The third edition of IEC 60601 also contained another major change – the definition of electrical contact with patients and operators. The change was made to help define the ISO 14971 risk assessment process and state the protections required for both patients and operators. In the previous editions of IEC 60601, three different scenarios were laid out to define the different types of interaction of equipment with the patient. Devices that had no electrical contact with the body of the patient were classified Type B (Body). Type BF (Body Floating) was the classification for equipment that did make electrical contact with the patient in all areas except the heart. The third type, CF (Cardiac Floating), was used to designate the equipment that has a floating electrical connection to the heart.
The means of protection (MOP) requirement, as stated in the third edition of IEC 60601, defines the required isolation between electrically charged circuitry, other devices that could come into contact with the device, and any people around it. For power supplies, the level of protection stipulates the specifications required, such as creepage, clearances, insulation and earth connections.
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Figure 3. Murata MVAC400 Series
Each of the two types of MOP has sub-levels. To give a practical example, if the initial risk assessment finds that a system should be classed as level two for means of operator protection (MOOP), then it should be designed with an isolation of 3,000V AC and a creepage distance of 5mm. A system that has been assessed as less dangerous may be classed as level one MOOP and would have an isolation of 1,500V AC and creepage of 2.5mm.
The process of conformance with the third edition of IEC 60601 has increased cooperation between the equipment manufacturers and its subsystem suppliers to ensure the final product conforms to the legislation and offers maximum safety protection to patients and operators.
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Figure 4. MWL MSP-100
The fourth edition of IEC 60601 was published in 2014 and this has caused a further move in design requirements for medical equipment. Later in 2014, the US Food and Drug Administration produced a guidance note for manufacturers of medical equipment to recommend that they start developing medical products in accordance with the fourth edition, as the law is expected to come into practice in the near term. As expected, the fourth edition makes a number of additions to the legislation. The most important of these changes are new EMC immunity requirements and a more comprehensive risk analysis. In addition to the new EMC requirements for radiated and conducted emissions, the new legislation calls for large increases in electrostatic discharge (ESD) protection levels, as well as levels of allowable voltage dips and power interruptions. Another change in the regulation has been made to take into account the higher levels of complex wireless communications found in today’s equipment. The fourth edition tightens the requirements for immunity from RF transmissions, giving medical devices better protection.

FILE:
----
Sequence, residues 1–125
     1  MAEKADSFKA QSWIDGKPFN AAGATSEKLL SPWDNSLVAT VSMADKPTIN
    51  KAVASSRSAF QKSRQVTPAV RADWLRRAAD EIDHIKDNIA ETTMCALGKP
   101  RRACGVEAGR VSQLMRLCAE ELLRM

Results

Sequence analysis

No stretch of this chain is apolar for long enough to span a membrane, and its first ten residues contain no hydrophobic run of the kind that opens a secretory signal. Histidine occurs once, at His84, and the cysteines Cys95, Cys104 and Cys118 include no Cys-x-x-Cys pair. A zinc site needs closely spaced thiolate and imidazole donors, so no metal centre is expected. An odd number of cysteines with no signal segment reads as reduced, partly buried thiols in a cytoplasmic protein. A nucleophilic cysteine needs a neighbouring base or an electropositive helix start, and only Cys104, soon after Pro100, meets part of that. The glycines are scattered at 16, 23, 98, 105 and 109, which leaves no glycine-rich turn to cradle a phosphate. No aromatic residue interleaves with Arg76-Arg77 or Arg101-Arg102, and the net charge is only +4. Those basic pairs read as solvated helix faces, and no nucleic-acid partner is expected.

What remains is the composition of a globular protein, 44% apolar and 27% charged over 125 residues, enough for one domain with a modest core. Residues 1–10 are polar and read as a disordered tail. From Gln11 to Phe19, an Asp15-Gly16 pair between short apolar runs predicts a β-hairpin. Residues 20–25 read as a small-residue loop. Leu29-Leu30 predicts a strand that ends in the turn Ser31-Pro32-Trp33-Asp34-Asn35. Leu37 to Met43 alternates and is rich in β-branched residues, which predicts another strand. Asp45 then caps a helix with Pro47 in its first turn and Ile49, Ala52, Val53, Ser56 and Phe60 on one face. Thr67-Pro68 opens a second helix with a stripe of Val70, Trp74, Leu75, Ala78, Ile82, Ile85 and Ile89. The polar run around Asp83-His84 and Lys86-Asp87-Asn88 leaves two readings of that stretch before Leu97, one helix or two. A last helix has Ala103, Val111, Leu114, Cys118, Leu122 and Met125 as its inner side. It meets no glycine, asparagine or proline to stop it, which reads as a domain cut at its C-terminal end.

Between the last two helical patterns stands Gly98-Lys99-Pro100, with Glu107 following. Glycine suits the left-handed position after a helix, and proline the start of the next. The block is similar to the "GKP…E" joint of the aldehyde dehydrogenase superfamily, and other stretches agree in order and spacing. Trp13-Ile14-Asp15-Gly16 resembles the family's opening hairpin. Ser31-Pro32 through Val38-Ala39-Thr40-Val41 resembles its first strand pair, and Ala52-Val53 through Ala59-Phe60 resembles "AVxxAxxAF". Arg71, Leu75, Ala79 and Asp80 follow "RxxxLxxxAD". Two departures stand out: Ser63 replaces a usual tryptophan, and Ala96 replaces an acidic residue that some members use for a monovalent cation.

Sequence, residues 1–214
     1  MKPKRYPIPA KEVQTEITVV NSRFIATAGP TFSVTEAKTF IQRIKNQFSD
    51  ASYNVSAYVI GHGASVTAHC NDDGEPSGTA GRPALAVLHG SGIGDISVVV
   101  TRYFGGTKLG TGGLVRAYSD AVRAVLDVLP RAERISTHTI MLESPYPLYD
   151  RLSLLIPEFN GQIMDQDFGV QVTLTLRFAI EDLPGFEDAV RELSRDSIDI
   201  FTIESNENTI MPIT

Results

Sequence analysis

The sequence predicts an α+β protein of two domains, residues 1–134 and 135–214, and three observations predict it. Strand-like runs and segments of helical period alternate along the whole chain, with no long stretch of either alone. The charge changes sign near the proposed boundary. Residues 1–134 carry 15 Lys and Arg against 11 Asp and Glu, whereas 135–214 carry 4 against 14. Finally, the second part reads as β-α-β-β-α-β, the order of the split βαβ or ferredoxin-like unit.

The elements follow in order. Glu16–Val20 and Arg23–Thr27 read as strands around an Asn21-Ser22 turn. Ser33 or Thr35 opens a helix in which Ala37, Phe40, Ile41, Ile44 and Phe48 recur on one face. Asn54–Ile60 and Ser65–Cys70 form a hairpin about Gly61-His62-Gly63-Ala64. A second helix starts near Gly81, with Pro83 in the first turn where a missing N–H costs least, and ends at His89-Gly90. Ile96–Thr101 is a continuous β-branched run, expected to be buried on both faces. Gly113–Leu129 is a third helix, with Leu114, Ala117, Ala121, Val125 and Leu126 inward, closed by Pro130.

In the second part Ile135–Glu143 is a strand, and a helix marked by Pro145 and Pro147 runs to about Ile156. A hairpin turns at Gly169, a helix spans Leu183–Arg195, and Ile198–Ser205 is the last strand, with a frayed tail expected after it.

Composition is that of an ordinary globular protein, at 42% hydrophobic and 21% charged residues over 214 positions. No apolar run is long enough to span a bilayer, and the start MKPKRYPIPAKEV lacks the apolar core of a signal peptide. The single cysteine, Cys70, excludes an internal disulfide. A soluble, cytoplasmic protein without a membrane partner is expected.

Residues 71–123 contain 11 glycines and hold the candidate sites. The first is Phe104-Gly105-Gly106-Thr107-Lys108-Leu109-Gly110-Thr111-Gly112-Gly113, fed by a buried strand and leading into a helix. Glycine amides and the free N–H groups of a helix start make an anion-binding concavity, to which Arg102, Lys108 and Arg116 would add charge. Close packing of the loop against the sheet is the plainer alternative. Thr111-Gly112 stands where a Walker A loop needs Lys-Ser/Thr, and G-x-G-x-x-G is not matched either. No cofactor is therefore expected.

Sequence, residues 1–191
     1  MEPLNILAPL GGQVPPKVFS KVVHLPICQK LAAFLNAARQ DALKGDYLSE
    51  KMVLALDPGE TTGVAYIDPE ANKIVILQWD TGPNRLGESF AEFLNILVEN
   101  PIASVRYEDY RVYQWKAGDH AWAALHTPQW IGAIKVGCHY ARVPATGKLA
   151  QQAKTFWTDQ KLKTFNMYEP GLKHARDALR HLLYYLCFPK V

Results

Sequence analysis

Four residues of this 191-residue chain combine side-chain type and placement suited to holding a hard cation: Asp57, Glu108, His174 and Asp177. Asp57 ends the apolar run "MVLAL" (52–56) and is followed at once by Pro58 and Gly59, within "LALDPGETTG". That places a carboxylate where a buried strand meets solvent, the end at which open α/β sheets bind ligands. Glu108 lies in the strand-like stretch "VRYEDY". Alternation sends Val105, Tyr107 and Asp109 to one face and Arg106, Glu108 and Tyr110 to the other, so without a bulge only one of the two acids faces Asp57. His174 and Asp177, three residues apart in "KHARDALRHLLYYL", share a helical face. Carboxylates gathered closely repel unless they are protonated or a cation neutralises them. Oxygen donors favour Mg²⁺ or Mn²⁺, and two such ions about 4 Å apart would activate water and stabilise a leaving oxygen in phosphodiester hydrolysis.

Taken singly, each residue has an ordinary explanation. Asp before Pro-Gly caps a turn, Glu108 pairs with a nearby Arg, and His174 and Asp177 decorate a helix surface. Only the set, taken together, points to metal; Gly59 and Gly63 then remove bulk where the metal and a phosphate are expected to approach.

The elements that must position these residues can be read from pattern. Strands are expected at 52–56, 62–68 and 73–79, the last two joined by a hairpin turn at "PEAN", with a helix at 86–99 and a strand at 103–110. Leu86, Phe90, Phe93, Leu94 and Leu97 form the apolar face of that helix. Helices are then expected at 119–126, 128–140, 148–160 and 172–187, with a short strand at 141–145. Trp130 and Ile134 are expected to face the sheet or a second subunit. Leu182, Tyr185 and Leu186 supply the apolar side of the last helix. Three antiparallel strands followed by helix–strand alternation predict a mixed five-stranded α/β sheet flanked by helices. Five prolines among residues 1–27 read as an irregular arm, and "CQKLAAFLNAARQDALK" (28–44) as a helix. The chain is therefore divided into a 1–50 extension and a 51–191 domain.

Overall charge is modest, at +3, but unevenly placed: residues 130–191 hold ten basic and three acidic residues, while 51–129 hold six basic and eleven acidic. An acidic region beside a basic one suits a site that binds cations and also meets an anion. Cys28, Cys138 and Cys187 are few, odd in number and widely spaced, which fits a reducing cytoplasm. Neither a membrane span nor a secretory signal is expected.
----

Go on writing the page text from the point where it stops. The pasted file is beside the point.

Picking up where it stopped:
The environment in which the equipment will be used is also recognized in the fourth edition. The level of immunity required for devices is dependent on whether it will be used in a protected professional medical location, for example in a hospital, or in another location, such as a home or in an industrial environment. That is not to say that everyone is ready to change over. Regions around the globe are proceeding towards adoption of the fourth edition IEC 60601 regulations at their own pace. However, as the FDA stopped allowing declarations of conformity for the third edition at the start of April this year, the other regions are expected to pick up pace in their own adoption. Many manufacturers will comply with the fourth edition voluntarily to allow products to have access to the widest possible number of customers, and they can only do that by complying with the most stringent regime, which at this time is the US.